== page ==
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A study on child sexual abuse in Galle – a descriptive retrospective study

Authors:

R. H. A. I. Rathnaweera ,

Faculty of Medicine, Galle, LK
About R. H. A. I.
Department of Forensic Medicine
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K. R. Munasingha,

Teaching hospital, Galle, LK
About K. R.
JMO’s office
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D. Amarasingha

Teaching hospital, Galle, LK
About D.
JMO’s office
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Abstract

Introduction: The estimation of any form of deviance in the general population is a very difficult task. It is impossible to assess the extent of sexual offending, either in general or with children as targets. Therefore an in depth study should be conducted to explore the real situation.

 

Objective: Routine data pertaining to victims of alleged child sexual abuse (CSA) were analyzed to explain the nature and characteristics of people, place, time, and patterns of CSA with special reference to injuries.

 

Materials and Methods: All the CSA cases referred to the JMO’s office, Teaching hospital, Karapitiya form 1st April 2013 to 31st March 2015 were retrospectively analyzed.

 

Results: During the study period, 296 victims were referred, 281 were female. 210 (70%) were between 11 to 15 years and majority (88%) were belonging to lower socio-economic classes. 173 (59%) female victims “consented” for the alleged act whereas none of the male victims did. Majority of female sexual abuse offenders were aged below 25 years whereas for male, aged above 35 years (p>0.05). Ano-genital injuries in female victims at presentation is more frequent compared to male victims (p>0.05). 116(41%) female victims had hymenal tears, out of that, only 18 are fresh tears. 14 victims complained of alleged anal abuse but only 2 had identifiable injuries. Extra genital injuries were present only in female victims (1.5%). Only 57(20%) presented with original clothing & only 20(6.7%) presented within first 24 hours. Spermatozoa were identified only in 6 referred cases to government analyst.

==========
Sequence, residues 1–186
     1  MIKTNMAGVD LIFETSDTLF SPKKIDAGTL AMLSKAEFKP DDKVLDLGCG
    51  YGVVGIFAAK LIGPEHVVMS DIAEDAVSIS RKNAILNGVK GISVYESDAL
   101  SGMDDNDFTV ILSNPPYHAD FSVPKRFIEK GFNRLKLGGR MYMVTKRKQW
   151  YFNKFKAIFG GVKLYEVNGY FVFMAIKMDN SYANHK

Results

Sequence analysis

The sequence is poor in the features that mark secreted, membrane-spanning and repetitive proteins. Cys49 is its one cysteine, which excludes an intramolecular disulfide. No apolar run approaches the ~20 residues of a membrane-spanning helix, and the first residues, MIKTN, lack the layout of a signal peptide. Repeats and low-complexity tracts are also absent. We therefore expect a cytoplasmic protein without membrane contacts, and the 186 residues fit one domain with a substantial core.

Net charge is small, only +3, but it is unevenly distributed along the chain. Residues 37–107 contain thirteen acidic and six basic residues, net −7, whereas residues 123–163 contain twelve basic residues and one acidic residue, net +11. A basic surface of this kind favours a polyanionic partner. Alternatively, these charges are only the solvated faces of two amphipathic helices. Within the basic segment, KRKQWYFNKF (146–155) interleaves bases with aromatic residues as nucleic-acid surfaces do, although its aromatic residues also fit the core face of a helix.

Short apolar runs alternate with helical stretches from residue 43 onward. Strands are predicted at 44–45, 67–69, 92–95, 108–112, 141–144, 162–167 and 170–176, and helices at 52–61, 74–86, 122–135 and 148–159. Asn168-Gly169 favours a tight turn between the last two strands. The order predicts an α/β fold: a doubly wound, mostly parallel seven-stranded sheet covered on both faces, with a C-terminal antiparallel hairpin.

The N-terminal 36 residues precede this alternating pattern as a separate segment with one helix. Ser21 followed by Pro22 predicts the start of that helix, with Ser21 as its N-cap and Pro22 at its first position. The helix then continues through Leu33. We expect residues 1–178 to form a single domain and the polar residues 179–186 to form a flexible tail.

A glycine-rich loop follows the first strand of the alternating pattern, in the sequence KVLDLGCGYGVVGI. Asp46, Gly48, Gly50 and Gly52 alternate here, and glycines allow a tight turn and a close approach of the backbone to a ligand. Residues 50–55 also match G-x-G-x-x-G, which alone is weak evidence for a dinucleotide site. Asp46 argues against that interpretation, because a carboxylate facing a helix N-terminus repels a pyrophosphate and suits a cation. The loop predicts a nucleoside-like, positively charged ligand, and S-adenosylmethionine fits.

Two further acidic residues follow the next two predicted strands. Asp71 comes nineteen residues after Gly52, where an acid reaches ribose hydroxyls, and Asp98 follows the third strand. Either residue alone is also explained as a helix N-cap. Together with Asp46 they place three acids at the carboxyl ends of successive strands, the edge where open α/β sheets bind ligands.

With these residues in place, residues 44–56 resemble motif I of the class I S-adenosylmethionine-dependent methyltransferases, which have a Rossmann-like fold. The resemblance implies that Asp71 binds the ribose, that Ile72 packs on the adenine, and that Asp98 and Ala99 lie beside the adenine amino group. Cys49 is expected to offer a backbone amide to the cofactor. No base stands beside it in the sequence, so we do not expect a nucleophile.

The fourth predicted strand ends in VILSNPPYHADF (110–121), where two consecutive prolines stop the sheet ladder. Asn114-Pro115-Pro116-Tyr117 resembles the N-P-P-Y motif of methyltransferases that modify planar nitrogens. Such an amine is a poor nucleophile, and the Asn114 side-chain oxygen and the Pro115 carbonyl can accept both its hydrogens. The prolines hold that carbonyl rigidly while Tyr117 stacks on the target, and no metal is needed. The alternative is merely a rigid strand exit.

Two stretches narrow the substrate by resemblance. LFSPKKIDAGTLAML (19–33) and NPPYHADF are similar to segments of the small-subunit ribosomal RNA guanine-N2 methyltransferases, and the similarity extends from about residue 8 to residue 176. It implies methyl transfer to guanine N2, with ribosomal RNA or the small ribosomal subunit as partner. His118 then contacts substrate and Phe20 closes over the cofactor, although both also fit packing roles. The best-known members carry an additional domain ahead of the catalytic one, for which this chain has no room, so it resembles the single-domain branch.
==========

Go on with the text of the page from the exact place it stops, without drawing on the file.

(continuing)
Conclusions: Children below 16 years of age from lower socio-economic group were more prone to sexual abuse. The given “consent” and delayed presentation could be a reason for lack of injuries in both groups. Young males have shown preference for female victims whereas older males have shown preference for younger boys. Low positive spermatozoa identification could be due to delayed presentation & baths and changing clothes prior to referral. Steps needed to be taken to speed up the referral of victims with their original clothing in order to prevent loss of valuable evidence.
How to Cite: Rathnaweera RHAI, Munasingha KR, Amarasingha D. A study on child sexual abuse in Galle – a descriptive retrospective study. Sri Lanka Anatomy Journal. 2017;1(1):34–43. DOI: http://doi.org/10.4038/slaj.v1i1.25
Published on 30 Jun 2017.
Peer Reviewed

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